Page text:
You may be well versed in managing domestic transactions within the framework of the United States unclaimed property laws, but what happens when a foreign country is involved? While somewhat limited compared to U.S. unclaimed property laws, foreign escheat laws can, and do, impact the reporting obligations of U.S. organizations. There are several factors to consider when determining how to handle a foreign transaction.
These include, but are not limited to:
- Where the company is domiciled within the United States
- Where the company operates internationally
- The nature of the company’s business
Listed below are the three types of foreign transactions:
- Domestic to Foreign: The holder is located in the United States and the payee is located in a foreign country. These types of transactions are governed at least in part, by U.S. statutes, and should be evaluated carefully to determine where the reporting obligation lies. This is typically influenced by the state of domicile and the foreign country in question. States generally expect that foreign property will be reported to them, whether or not their statute has specific language on this matter. In addition, the recently completed Revised Uniform Unclaimed Property Act (RUUPA) specifically provides “that the state of domicile may claim abandoned property where the last known address of the owner is in a foreign country.” However, most states and the Act exclude property that can be claimed by a foreign country. Consequently, holders need to understand the reporting requirements for those countries for which the last known address is in a foreign country, as well as the law governing their particular state of domicile in order to understand where a foreign property should be reported.
- Foreign to Domestic: The holder is located in a foreign country and the payee is located in the United States. Transactions originating in a foreign country are not likely to be impacted by U.S. statutes since foreign to domestic and wholly foreign transactions are generally governed by the law in the originating country. However, depending on the detailed circumstances of the transaction it is possible that foreign to domestic transactions may be impacted by US statutes so it is still important to review them carefully.
- Foreign to Foreign: Both the holder and payee are located outside of the US. As noted above in Foreign to Domestic Transactions, wholly foreign transactions are governed by the law of the originating country.
Foreign Unclaimed Property Laws:
Generally speaking, foreign escheat laws are far less numerous and stringent than U.S. requirements, and are often limited to “financial” industries such as banking, securities, and insurance. That being said, foreign governments are increasingly eyeing the “revenue” generated by U.S. unclaimed property programs and evaluating ways to reproduce those programs in their own countries.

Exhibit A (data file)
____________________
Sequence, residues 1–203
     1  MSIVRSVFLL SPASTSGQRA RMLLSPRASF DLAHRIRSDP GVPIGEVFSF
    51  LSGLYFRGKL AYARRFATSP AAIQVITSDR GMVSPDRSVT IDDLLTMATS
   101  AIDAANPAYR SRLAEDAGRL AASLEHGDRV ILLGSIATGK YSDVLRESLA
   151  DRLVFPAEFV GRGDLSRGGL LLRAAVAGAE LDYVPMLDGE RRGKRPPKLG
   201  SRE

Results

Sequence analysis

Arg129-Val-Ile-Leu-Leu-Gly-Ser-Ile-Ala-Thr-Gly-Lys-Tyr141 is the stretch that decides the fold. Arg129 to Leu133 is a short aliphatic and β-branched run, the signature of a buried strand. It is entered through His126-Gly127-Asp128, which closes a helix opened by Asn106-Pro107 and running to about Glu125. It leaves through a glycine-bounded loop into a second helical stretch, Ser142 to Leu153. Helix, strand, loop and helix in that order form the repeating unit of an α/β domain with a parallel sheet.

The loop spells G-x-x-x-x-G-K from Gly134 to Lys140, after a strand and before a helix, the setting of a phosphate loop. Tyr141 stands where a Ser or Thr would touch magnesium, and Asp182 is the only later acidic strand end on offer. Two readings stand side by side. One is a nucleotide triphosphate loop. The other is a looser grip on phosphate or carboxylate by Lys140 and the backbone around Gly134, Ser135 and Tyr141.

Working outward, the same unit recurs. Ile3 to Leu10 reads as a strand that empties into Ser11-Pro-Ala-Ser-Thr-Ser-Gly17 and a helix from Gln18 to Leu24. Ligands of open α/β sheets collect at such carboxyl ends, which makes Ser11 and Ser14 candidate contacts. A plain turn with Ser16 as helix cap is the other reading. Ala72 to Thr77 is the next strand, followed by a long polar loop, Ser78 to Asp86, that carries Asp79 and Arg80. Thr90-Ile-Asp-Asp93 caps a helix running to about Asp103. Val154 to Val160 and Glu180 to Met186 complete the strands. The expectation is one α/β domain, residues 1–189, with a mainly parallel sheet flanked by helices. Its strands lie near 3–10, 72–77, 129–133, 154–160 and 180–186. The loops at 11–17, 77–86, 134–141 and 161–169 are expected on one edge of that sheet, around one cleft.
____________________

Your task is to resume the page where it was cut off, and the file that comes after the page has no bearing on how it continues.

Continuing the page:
Canada is perhaps the country where most holders experience overlap and have questions regarding unclaimed property obligations. Canada’s federal escheat law applies exclusively to federally chartered banks in Canada and does not impact US organizations. However, Canada’s provincial laws, while less robust than U.S. state laws, can have an impact on U.S. organizations. Currently three Canadian provinces have some form of unclaimed property law. Alberta’s Unclaimed Property and Vested Property Act (2008) is very similar to typical U.S. state laws governing unclaimed property, while British Columbia and Quebec require reporting of more limited property types, or by specific holder types. U.S. holders with payees located in Canada should consult with unclaimed property advisors and attorneys to determine the applicable reporting obligations in the Canadian provinces.
Other countries with unclaimed property laws in effect, which are commonly encountered by holders in the United States include:
- New Zealand
- United Kingdom
- Caribbean Nations
- British Virgin Islands
- Cayman Islands
- Trinidad & Tobago.
If your organization generates any foreign transactions, it is important to incorporate a mechanism into your unclaimed property process to monitor for them. When foreign transactions are identified, understand the escheat laws in the relevant countries, as well as the law regarding foreign transactions for your particular state of domicile. Any reporting requirements are highly dependent on the transaction details, the holder state of domicile, and the foreign country involved.
Working with an unclaimed property advisor can help you create an approach and process to maintain compliance with any statutory requirements for your foreign transactions.